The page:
Data from: The origin and evolution of coral species richness in a marine biodiversity hotspot
Huang, Danwei; Goldberg, Emma E.; Chou, Loke Ming; Roy, Kaustuv (2017), Data from: The origin and evolution of coral species richness in a marine biodiversity hotspot, Dryad, Dataset, https://doi.org/10.5061/dryad.8395f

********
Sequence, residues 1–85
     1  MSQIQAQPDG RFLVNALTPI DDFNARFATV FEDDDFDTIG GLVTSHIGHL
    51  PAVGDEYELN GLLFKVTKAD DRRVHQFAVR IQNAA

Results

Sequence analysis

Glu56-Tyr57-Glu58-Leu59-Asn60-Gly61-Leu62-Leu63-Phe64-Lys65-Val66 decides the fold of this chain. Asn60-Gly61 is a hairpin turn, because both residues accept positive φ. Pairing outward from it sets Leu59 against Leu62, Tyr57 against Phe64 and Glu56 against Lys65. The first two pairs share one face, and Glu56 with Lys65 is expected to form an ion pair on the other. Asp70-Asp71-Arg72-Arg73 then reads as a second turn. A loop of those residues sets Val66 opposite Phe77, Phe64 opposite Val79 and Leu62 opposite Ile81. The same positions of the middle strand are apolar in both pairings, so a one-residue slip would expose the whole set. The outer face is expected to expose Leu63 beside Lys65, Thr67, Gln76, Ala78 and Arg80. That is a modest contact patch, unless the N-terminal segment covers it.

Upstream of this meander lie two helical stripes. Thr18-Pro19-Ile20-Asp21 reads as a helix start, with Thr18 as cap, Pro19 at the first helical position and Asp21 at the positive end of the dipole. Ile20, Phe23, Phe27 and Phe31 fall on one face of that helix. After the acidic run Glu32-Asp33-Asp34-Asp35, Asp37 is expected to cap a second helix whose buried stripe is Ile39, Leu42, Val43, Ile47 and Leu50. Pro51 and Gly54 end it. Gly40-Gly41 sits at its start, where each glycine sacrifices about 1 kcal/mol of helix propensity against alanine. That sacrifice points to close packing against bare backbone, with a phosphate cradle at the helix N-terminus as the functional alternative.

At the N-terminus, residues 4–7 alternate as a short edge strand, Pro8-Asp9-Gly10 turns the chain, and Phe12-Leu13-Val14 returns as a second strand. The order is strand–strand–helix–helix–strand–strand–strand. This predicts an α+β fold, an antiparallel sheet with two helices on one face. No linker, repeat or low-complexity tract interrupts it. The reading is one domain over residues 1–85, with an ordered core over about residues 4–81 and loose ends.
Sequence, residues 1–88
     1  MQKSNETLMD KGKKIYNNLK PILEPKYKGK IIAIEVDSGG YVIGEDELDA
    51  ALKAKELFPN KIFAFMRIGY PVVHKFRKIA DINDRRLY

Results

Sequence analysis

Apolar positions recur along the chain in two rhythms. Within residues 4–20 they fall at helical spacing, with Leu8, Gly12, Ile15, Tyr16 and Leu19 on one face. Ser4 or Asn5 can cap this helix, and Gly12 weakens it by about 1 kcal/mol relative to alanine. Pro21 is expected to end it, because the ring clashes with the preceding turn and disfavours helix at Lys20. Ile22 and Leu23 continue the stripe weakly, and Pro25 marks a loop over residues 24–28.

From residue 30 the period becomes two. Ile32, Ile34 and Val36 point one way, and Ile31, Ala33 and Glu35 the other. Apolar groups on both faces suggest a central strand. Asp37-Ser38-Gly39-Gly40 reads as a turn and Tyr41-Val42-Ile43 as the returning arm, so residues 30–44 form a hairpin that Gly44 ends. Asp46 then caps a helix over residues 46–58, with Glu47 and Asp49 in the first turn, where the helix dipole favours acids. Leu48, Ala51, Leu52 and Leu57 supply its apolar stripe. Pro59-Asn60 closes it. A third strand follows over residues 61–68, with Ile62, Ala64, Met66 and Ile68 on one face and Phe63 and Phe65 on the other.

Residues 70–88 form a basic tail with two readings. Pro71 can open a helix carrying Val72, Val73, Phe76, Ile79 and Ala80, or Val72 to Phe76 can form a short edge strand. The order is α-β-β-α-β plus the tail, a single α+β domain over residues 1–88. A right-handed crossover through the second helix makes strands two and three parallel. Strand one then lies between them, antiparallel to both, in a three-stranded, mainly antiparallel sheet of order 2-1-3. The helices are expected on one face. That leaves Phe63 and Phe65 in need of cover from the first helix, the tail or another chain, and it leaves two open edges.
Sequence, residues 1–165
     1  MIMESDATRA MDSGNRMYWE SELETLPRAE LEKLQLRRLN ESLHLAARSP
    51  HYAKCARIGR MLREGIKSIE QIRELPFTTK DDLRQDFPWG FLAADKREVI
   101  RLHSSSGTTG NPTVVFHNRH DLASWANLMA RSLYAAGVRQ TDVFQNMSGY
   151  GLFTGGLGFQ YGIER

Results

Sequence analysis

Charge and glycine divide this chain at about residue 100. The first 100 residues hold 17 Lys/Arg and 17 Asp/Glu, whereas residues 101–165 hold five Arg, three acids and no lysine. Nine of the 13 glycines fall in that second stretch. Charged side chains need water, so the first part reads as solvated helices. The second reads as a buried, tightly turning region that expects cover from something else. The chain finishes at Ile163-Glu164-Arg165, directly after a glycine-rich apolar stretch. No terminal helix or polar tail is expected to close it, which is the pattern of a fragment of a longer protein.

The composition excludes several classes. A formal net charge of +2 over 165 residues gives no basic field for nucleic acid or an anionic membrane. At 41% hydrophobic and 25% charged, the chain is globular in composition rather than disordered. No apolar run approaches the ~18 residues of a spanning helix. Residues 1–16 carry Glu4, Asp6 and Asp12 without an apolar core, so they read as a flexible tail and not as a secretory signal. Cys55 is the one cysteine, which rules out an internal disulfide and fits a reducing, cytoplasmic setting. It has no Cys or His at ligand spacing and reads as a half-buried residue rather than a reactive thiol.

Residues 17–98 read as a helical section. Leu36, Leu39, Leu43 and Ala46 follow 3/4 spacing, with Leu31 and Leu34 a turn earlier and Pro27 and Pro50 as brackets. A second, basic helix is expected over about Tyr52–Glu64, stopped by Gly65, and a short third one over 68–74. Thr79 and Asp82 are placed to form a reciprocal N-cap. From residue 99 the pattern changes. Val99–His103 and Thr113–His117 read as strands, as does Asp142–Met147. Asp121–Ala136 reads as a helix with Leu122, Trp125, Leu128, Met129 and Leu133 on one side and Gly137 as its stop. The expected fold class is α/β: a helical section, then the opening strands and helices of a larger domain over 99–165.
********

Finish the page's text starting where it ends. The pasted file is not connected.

The Coral Triangle region of the Indo-Pacific realm harbors an extraordinary number of species, with richness decreasing away from this biodiversity hotspot. Despite multiple competing hypotheses, the dynamics underlying this regional diversity pattern remain poorly understood. Here we use a time-calibrated evolutionary tree of living reef coral species, their current geographic ranges, and model-based estimates of regional rates of speciation, extinction, and geographic range shifts to show that origination rates within the Coral Triangle are lower than in surrounding regions, a result inconsistent with the long-standing center of origin hypothesis. Furthermore, endemism of coral species in the Coral Triangle is low, and the Coral Triangle endemics are older than relatives found outside this region. Overall, our model results suggest that the high diversity of reef corals in the Coral Triangle is largely due to range expansions into this region of species that evolved elsewhere. These findings strongly support the notion that geographic range shifts play a critical role in generating species diversity gradients. They also show that preserving the processes that gave rise to the striking diversity of corals in the Coral Triangle requires protecting not just reefs within the hotspot, but also those in the surrounding areas.